Geometry B is a two-semester course, which involves the development and study of a mathematical system. This course is designed to review and strengthen algebraic skills, develop deductive and inductive reasoning ability, and increase spatial perception. The topics include principles of logic, parallelism, congruence, similarity, circles, spheres, constructions and loci, areas, volumes, coordinate geometry, and transformations. Changes from this course to Geometry A may be made with teacher recommendation, and must be completed during the first ten weeks of the semester. The course will be set-up in a fashion that requires the student to receive the delivery of instruction in the classroom and through a digital online media.
This is an advanced two-semester course designed for the student interested in an in-depth study of the human body. The structure and function of all body systems is covered through text reading, class discussion, computer simulations, teacher explanation, and laboratory experiences which will include dissection of mammalian organs. It is expected that all students participate fully in all activities including dissection. Introduction to the course will include the chemical basis of life, the cell and its metabolism as well as a tissue unit. The body systems taught will be: integumentary, skeletal, muscular, nervous, urinary, reproductive, digestive, circulatory, lymphatic, endocrine and respiratory. The course will be set-up in a fashion that requires the student to receive the delivery of instruction in the classroom and through a digital online media.
Lifeguarding (Blended Instruction)
(Elective 11-12) First Semester
To enroll in the Lifeguard Training Course, you must be at least 15 years of age before the last scheduled class session. There will also be a pre-course session, in which you will be required to pass a swimming skills test. The skills you will perform are as follows:
- Swim 300 yards continuously, demonstrating breath control and rhythmic breathing. Candidates may swim using the front crawl, breaststroke or a combination of both but swimming on the back or side is not allowed. Swim goggles may be used.
- Tread water for 2 minutes using only the legs. Candidates should place their hands under the armpits.
- Complete a timed event within 1 minute, 40 seconds.
– Starting in the water, swim 20 yards. The face may be in or out of the water. Swim goggles are not allowed.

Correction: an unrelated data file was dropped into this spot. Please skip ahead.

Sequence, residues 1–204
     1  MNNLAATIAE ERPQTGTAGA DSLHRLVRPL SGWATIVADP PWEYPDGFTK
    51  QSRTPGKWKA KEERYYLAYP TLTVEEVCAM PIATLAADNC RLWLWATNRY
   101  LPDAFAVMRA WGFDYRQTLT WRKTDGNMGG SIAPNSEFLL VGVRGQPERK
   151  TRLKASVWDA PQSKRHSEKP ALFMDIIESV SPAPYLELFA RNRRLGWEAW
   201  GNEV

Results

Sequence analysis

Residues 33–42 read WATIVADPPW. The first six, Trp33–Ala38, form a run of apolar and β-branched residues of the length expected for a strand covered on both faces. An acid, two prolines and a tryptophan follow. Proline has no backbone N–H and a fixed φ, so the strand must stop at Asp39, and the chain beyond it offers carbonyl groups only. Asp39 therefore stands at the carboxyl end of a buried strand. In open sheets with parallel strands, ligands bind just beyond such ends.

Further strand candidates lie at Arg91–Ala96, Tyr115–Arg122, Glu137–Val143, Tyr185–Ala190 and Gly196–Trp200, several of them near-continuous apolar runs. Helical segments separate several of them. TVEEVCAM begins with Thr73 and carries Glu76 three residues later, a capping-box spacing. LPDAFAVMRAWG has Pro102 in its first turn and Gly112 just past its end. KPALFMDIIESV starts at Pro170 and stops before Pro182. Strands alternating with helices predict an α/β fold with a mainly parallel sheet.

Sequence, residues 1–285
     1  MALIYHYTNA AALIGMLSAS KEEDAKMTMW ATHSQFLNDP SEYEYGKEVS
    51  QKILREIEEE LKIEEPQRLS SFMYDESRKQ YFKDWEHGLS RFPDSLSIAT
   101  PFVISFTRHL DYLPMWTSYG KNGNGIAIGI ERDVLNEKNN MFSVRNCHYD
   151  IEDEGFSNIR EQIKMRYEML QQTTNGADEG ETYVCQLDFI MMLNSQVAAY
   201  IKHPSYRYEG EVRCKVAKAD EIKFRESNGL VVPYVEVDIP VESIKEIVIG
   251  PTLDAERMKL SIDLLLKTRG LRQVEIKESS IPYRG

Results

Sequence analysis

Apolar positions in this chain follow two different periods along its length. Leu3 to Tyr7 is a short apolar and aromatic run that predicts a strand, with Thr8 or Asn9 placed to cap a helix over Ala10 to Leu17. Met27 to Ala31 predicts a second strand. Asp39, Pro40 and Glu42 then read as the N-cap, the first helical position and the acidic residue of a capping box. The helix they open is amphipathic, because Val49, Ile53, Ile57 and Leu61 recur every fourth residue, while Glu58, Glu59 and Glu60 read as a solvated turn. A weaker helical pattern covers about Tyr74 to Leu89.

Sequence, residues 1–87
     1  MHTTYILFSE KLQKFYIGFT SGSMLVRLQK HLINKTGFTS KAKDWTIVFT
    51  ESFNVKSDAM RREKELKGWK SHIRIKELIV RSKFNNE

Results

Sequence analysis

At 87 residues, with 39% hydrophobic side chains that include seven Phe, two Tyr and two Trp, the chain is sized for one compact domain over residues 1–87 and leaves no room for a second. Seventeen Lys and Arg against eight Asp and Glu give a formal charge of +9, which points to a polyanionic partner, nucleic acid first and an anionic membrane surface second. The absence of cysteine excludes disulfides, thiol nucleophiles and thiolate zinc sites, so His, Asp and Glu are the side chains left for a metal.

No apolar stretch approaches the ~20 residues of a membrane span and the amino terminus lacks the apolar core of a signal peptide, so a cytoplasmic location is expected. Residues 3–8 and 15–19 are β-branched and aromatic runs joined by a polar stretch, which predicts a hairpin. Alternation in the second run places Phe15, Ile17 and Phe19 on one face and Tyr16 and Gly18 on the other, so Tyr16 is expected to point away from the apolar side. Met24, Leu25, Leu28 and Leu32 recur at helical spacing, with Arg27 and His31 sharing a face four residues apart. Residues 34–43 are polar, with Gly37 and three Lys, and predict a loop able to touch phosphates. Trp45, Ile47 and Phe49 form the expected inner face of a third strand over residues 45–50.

– Surface dive, feet-first or head-first, to a depth of 7 to 10 feet to retrieve a 10-pound object.
In the Lifeguard training course, you will learn about the duties and responsibilities of a lifeguard and how to carry them out in a professional manner. You will also learn a number of lifeguarding techniques, such as surveillance; how to use rescue equipment for a distressed swimmer, active drowning victim, and a passive drowning victim; and how to care for someone who may have a head, neck, or back injury.
To successfully complete the Lifeguarding course, the participant must:
- Attend and participate in all class sessions.
- Complete all eLearning units.
- Demonstrate competency in all required skills and activities.
- Demonstrate competency in all required final rescue skill scenarios.
- Pass Section 1—Lifeguarding Skills and Lifeguarding Skills final written exams with minimum grades of 80 percent.
Due to the nature of the skills in this course, you will be participating in strenuous activities, such as performing cardiopulmonary resuscitation (CPR) on the floor and removing someone from the water. Upon successful completion of Lifeguarding course, each participant will receive an American Red Cross certificate for Lifeguarding/First Aid/CPR/AED, which is valid for 2 years. The course will be set-up in a fashion that requires the student to receive the delivery of instruction in the classroom and through a digital online media
Photo II: Principles of Digital Photography (DMACC) (Blended)
ART901 or ART902
(Elective 10-11-12) First OR Second Semester
Prerequisite: Photographic Foundations or Photo I: Principles of Photography
Principles of Digital Photography is a course where students will learn the basic principles of digital photography. Topics will include basic camera operation, composition, metering, and computer tips and tricks, as well as shooting tips and tricks. A digital SLR camera in conjunction with the computer will become instruments to explore visual communication effectively. The training will provide the student with entry-level skills to meet current photographic industry standards. No camera is required. This course must be taken for DMACC credit.
United States History (Blended Instruction) (NCAA)
SOC901 and SOC902
(Required 10*-11) Full-Year Course
This one-year course will give students a good foundation in United States History. Students will complete a brief survey of the forming of our government to the Civil War. The course will then emphasize the Reconstruction era to the present. The course will be set-up in a fashion that requires the student to receive the delivery of instruction in the classroom and through a digital online media.
*To take U.S. History as a sophomore, a student must have a 323 National Standard Score (NSS) in social studies on the Iowa Assessments and an A in Geographic Cultural Studies or a B in Global Understanding and a 3.5 GPA.